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Ohio Farm Science Review: Something for everyone
The Ohio Farm Science Review is one of my favorite outdoor events. It’s a blend of presentations, demonstrations and exhibits geared to agriculture in the eastern Corn Belt. I attended all 3 days this year, as I do many years, and didn’t come close to taking it all in. There’s a lot to see and a lot of people to talk to.
The OFSR is held each September at the Molly Caren Agricultural Center along Interstate 70 a few miles west of Columbus. It’s a permanent site with lots of trees, buildings and land for harvesting, tillage, tiling and conservation demonstrations. Plus there are lots of presentations by specialists from Ohio State University and Purdue University in Indiana.
Even though the show puts a lot of emphasis on commercial agriculture, it still has the feel and flair of a state fair. FFA members come by the busload, and there are lots of presentations and exhibits geared to landscaping and small farms. Just over 124,000 people attended this year’s show. Early harvest of both corn and soybeans trimmed the crowd a bit from 2009.
The show has entertainment, also. It features scores of antique tractors from various manufacturers, some of which are no longer in business. I’ve entered the grounds by the back gate for so long that it seems like the front gate to me. One of the first things I see each year is an extensive display of vintage Massey Harris and Massey Ferguson tractors. This year, my eyes immediately went to this Massey Harris 44 owned by Larry Tourney of Urbana, Ohio. It’s a lot like the one I plowed with as a kid.
While the early crop maturity may have compelled some farmers to stay home and harvest, it contributed to good conditions for the field demonstrations. The farm is carved into plots for the harvesting, tillage and tiling demonstrations. There’s even an area in which manure application equipment is demonstrated.
With rain in the forecast for the second day of the show, crowds flocked to the harvesting demonstrations on the first day of the show. Ropes kept the spectators safe, but farther from the action than many of them wanted to be.
As the main crowd watched the combines in action, I made my way over to the tillage area. The disk chisels and coulter machines were parked, but a handful of strip-till machines, like this Hiniker rig, were running.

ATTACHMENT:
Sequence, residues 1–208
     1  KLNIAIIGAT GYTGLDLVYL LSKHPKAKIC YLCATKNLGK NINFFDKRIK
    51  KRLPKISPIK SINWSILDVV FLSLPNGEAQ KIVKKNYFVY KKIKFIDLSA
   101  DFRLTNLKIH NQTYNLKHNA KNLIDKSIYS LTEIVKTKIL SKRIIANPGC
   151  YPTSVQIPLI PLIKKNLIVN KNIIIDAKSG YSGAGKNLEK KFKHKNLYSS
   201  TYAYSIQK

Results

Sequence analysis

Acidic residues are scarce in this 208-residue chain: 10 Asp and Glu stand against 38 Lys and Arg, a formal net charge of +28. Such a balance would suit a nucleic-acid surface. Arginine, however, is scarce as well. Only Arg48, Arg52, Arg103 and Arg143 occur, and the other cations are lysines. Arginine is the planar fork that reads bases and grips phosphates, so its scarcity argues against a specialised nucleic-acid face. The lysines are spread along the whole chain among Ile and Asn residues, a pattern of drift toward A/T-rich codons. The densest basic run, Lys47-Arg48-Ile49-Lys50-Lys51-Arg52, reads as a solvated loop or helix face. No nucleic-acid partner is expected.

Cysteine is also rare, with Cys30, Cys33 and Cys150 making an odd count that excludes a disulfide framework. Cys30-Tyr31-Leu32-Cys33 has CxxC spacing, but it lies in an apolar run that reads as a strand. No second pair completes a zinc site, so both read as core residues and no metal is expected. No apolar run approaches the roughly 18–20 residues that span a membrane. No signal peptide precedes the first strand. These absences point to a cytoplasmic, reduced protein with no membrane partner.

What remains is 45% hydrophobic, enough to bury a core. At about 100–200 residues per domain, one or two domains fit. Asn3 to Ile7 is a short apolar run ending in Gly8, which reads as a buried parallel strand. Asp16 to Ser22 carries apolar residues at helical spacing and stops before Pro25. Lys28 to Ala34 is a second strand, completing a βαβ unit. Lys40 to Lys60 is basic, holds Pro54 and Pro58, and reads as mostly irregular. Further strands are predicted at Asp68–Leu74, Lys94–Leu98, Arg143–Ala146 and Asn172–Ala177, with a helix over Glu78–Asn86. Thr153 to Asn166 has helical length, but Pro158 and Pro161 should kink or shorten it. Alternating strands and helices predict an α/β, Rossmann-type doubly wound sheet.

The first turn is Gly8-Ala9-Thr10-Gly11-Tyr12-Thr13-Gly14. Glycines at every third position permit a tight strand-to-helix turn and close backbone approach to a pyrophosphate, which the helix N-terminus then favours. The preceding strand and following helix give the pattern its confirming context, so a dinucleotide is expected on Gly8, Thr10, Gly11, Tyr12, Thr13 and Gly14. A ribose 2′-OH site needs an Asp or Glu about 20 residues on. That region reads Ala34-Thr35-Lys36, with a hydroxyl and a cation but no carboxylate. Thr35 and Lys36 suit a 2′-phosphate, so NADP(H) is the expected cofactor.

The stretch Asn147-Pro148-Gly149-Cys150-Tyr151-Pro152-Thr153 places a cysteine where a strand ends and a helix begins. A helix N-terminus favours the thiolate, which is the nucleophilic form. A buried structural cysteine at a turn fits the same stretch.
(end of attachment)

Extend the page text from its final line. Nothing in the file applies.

So was this rig from Dawn Equipment. Look closely and you will see it was running at a diagonal to earlier passes. Company president Jim Bassett was at the wheel, and he had already used up his allotted space for that day.
Access to people who really know their equipment is one of the beauties of the OFSR. Here, Jim Bassett is discussing strip-till with individual farmers. I have strip-tilled corn for years and have plenty of questions of my own, but I really like to hear what potential users want to know.
Regarding that parked equipment I mentioned above, I was amused when I saw how the safety chain on one implement was attached to the tractor. I’m going to go way out on a limb here and speculate that that plastic tie isn’t a grade 70 -- or even a grade 43.
If tillage isn’t your thing, the OFSR had you covered there, too—with cover crops. Jim Hoorman, an Extension educator in Mercer County, Ohio, designed this cover crop display. (His retired father, John, volunteered his time and labor to build it.) Jim wanted to show what was going on below ground as well as above ground. “People are amazed at how much root growth there is with some cover crops,” he says. The Mason jars hold seed of the various species, many of which are foreign to most of us.
I’ve seen this sign on the edge of the show grounds before, and find it a bit unnerving. I think it is pointing straight ahead to a parking area for trailers and equipment not being used. But, it could be pointing up, with a different connotation. If so, who issues the permits?